When weeding, the best way to make sure you are removing a weed and not a valuable plant is to pull on it. If it comes out of the ground easily, it is a valuable plant. ~Author Unknown

pepperhead212
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Re: problems with basil plant

I am surprised that you had it growing for that long, since they are annuals! I kept one indoors for one year, just to see how long it would live, and it got very woody, and non-productive (or at least much less productive). Fortunately, the ones outside were already producing.

I watched an interesting show on commercial hydroponic production, and one of the things they talked most about was basil. One of the things they stated was that, although they will produce for 6-7 months, they only grow them for 4 months, as after that, production drops considerably. Sort of made sense, as I usually notice a drop in Feb., about 4-5 months after I start all of my indoor plants.

I have always rooted my basils in water, and have never had any trouble putting them in soil, when I put them out in the spring, or when I used to grow in soil indoors. I start cuttings about this time for Thai and regular basil, using a cloner, but I used to just put them in a cup, with filtered water, changing the water every other day, and in 7-10 days, I would have roots. The cloner does them incredibly fast, though, as with any rootings, some don't make it. One thing I have found that speeds them up is scoring the stems, cutting very shallow with a razor or very sharp knife, and these cuts are where I see the roots come out.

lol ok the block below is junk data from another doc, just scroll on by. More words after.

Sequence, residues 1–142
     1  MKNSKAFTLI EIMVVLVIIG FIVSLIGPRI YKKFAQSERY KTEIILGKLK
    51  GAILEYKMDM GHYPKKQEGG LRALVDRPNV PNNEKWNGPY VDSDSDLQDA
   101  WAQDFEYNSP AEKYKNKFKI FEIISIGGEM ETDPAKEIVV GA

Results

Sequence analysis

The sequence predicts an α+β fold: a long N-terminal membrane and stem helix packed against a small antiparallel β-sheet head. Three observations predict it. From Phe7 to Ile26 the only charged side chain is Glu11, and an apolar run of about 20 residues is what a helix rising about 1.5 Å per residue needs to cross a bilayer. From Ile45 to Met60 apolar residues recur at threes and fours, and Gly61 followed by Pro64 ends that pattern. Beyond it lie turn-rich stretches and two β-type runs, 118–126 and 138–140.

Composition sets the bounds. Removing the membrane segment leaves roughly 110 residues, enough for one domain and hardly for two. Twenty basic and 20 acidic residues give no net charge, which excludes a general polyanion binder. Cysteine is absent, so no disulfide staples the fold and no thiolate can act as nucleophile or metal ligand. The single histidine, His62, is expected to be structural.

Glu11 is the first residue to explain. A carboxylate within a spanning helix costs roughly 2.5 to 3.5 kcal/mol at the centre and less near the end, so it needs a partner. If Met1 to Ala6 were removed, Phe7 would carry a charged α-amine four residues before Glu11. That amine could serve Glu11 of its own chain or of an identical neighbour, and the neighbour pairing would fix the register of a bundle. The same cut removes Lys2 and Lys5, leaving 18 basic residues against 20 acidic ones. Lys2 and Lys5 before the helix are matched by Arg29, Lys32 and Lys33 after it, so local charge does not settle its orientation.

The best basil I have found for growing in containers or hydroponically (and I've tried a bunch of them!) is Serrata. Great flavor, like genovese, and a small, bushy plant, about 10-12" tall, and slow to bolt. I grow this and Siam queen in hydro for the off season, and only need one plant each, they regenerate so fast! Here is a photo of the serrata, rooted for 2 days in the cloner:
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rainbowgardener
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Re: problems with basil plant

There are a couple of these basil threads going on right now, with very similar issues and questions.

Here's the other one: https://www.helpfulgardener.com/forum/vi ... 29&t=65102

you might want to look it over, too.
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PhynomGarden
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Re: problems with basil plant

Instead of starting a new thread, I will ask a question very similar to the one in the start of this thread. I have a basil that started with the yellowing leaves. I finally got around to transplanting it into somewhat of decent pot with decent soil. The basil has started to bounce back. In fact, it has sprouted a host of big new leaves; however, the leaves are very soft and dull. I think when I bought the plant, the leaves were shiny and firm. Also, I keep the plant indoors very close to a south facing window. Could it be that I am over-watering the plant? I water the plant everyday. Since today is somewhat cool out, I am just going to skip watering the plant, and see what happens. Thanks in advance for any feedback...

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rainbowgardener
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Re: problems with basil plant

Yes, indeed! One of the commonest causes of yellowing leaves is over watering and daily watering sounds like way too much.

When you water, be sure you do it thoroughly, so that all of the soil is moistened and water is running out the drain holes. Then let it drain, do NOT leave water standing in the saucer, and don't water again until the top couple inches of the soil are drying out. If you have it in regular potting soil, that is likely to be a week or so....